France’s debate over childrens’ addiction to digital technology is gaining support – Euractiv

A debate over children’s addiction to digital technology, and what can be done about it, is gaining support in France, while at an EU level, there are rumblings for regulation on addictive design.

French delegated minister for youth Sarah El Haïry and French digital secretary of state Marina Ferrari launched a new initiative on Thursday (28 March) called ‘P@rents, let’s talk about digital’.

Announced in the newspaper Le Parisien by El Haïry, the initiative will set up free workshops countrywide for parents, discussing all topics related to the use of digital technologies by children.

The workshop initiative follows an earlier promise by French President Emmanuel Macron: “We will determine the proper screen use for our children, inside our families, at home as well as in class, because it concerns the future of our societies and our democracies,” he said in his second press conference after his election, on 16 January.

Macron on 10 January set up a new Screens Commission to deliver experts’ recommendations about rules that should be put in place. The ten members of the commission were expected to deliver their report by the end of March, but it has yet to be published.

The Screens Commission is presided by Amine Benyamina, a psychiatrist specialised in the study of addiction, and Servane Mouton, a neurologist specialising in learning psychopathology.

Protecting users and children against the harms of digital technology is gaining momentum at an EU level too.

In December 2023, the European Parliament adopted an initiative report which stressed “the significant impact of addictive design on all individuals, but especially on children and adolescents.”

Dutch Greens Member of the European Parliament, and rapporteur of the report Kim van Sparrentak, said at a Mozilla Mornings event in mid-March, that she will be looking at regulating addictive designs and online harms for EU citizens in the parliament’s next mandate (2024-2029).

Legislation for screen addiction

A bill had been tabled at the French National Assembly in January 2023 by representatives Caroline Janvier and Aurore Bergé (Renaissance, Renew), to prevent excessive screen exposure for children. Unfortunately, the bill did not have enough support and was unable to move to the adoption stage.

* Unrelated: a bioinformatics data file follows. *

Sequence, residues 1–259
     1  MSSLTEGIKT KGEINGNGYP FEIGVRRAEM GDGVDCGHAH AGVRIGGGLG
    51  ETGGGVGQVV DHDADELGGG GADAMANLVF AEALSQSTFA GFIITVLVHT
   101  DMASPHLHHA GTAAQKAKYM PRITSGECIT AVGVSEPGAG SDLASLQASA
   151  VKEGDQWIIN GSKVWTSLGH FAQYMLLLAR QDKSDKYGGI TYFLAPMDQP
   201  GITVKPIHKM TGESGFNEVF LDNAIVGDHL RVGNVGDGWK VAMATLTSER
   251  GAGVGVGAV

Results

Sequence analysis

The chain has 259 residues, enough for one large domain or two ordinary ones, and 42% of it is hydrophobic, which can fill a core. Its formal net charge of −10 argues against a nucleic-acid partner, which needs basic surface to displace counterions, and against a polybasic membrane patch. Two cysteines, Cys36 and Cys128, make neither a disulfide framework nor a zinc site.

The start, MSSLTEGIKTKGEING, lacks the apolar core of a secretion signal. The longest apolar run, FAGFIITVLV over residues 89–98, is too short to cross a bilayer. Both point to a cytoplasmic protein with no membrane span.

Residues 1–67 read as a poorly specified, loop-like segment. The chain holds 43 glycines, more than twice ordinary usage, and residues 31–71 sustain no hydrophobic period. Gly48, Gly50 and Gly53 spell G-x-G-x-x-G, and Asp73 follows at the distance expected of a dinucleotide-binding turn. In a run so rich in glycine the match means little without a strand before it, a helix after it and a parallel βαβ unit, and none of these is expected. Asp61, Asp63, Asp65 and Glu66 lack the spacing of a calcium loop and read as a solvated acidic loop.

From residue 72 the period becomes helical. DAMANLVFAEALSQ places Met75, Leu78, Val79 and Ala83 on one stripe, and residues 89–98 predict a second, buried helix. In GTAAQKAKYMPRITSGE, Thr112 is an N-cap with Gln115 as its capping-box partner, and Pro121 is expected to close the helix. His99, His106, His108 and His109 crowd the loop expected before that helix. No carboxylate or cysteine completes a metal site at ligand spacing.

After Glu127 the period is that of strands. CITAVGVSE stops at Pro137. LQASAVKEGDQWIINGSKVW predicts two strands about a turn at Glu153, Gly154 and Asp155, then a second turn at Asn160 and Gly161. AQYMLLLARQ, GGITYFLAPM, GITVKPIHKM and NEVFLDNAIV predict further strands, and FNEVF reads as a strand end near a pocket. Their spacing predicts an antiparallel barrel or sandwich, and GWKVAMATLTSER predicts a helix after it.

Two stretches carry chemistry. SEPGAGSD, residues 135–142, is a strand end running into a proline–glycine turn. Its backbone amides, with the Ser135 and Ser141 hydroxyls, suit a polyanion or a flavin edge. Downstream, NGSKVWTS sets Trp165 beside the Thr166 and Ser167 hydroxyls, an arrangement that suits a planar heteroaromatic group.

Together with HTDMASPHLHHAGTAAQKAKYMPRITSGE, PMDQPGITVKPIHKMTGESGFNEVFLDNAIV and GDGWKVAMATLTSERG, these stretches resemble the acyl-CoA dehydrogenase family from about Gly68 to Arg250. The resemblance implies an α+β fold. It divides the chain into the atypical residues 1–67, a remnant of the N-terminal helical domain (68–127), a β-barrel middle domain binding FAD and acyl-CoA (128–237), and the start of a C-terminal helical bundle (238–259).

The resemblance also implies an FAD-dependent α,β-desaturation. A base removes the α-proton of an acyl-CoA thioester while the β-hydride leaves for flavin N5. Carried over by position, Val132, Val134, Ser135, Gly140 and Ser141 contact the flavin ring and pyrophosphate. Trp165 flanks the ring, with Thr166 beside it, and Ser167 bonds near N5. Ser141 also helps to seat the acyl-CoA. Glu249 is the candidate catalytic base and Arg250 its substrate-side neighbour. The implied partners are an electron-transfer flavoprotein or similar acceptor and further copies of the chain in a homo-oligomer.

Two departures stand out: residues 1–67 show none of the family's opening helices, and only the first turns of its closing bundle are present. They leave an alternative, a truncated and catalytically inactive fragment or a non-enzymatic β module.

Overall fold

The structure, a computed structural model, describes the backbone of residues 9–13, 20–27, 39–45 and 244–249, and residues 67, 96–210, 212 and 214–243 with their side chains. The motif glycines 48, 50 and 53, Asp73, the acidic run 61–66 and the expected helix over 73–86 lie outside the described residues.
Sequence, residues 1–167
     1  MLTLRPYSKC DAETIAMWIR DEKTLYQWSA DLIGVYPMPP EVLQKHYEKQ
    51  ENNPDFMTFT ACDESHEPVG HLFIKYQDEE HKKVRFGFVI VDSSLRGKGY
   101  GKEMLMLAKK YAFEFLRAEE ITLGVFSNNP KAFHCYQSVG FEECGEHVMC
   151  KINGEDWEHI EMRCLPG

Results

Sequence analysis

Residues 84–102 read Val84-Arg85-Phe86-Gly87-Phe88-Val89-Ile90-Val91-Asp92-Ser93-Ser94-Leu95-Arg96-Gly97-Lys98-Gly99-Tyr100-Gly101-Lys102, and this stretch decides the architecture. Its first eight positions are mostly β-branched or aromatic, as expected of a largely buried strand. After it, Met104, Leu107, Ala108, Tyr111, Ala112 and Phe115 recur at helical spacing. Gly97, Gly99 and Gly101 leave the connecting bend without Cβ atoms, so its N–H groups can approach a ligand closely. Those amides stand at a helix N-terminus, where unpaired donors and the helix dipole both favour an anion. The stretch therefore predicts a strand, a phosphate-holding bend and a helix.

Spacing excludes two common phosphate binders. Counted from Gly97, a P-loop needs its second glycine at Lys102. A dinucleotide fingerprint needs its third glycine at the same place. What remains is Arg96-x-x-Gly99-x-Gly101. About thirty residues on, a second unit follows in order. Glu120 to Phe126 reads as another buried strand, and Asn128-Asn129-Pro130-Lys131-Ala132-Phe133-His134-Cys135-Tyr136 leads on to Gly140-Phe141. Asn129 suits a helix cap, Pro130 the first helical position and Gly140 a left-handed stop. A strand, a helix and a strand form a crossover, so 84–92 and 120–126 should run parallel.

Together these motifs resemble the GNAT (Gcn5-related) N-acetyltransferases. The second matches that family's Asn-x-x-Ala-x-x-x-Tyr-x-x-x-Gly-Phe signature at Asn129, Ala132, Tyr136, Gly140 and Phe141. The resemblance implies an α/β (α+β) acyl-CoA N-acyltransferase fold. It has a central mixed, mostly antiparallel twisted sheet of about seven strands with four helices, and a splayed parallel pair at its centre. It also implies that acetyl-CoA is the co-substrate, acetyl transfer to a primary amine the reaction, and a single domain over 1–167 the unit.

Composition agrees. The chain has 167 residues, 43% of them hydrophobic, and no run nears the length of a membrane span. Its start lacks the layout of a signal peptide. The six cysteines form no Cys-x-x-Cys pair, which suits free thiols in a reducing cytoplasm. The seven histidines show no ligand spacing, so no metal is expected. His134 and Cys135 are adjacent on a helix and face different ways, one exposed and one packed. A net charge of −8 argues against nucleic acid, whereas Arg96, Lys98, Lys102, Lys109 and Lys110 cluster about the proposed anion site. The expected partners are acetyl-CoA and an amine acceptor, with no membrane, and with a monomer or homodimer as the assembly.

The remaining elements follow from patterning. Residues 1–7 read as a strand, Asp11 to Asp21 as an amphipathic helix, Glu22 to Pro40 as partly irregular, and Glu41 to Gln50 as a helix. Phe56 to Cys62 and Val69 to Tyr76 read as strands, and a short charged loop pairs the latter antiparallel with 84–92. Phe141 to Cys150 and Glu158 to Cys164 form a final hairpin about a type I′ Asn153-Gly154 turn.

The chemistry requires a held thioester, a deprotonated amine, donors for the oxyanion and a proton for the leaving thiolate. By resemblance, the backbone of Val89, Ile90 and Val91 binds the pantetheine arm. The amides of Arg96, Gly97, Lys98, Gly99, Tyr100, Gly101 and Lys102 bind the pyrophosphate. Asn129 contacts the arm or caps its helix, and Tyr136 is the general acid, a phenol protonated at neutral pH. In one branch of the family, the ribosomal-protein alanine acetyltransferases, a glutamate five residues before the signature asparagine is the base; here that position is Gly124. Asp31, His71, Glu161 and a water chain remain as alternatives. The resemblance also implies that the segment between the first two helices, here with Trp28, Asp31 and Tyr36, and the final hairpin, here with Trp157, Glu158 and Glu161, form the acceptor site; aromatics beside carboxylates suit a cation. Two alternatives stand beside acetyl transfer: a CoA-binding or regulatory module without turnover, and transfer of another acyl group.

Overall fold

The proposed bill targeted screen addiction for children under six years old and looked to train health professionals on how to treat it. It also contained numerous prevention and education policies, including a digital information platform for parents.

Though the bill never took off, the digital information platform was launched by the digital minister on Thursday (28 March). Ferrari used the event as a platform to influence the debate.

She notably repeated on the French TV channel FranceInfo, the same day, that she did not support former minister for education Najat Vallaud-Belkacem’s suggestion, to ration the internet as a way to counter the harms of digital technology.

Vallaud-Belkacem suggested in an opinion piece in Le Figaro on 18 March, to allocate a limited number of gigabytes to daily use.

She wrote, “Scarcity leads to a certain wisdom.” Implying people would spend less time posting hate speech, watching less pornographic content, or creating fake news, when their access to the internet was limited.

“No ministerial campaign can prevent a teenager from having their existence ruined on the internet,” Vallaud-Belkacem added.

Hackers vs minors

Making matters more complicated are cybersecurity concerns.

Since 21 March, there have been almost daily reports of French educational institutions being hacked.

France’s Education Ministry said on 25 March that 130 of them were targeted by cyber attacks. Hackers sent threats of terrorist attacks to pupils via email, including a decapitation video.

As a preventive measure, the messaging feature for pupils was shut down as ordered by Education Minister Nicole Belloubet on 28 March, until the hack and vulnerability level would be terminated.

[Edited by Rajnish Singh]

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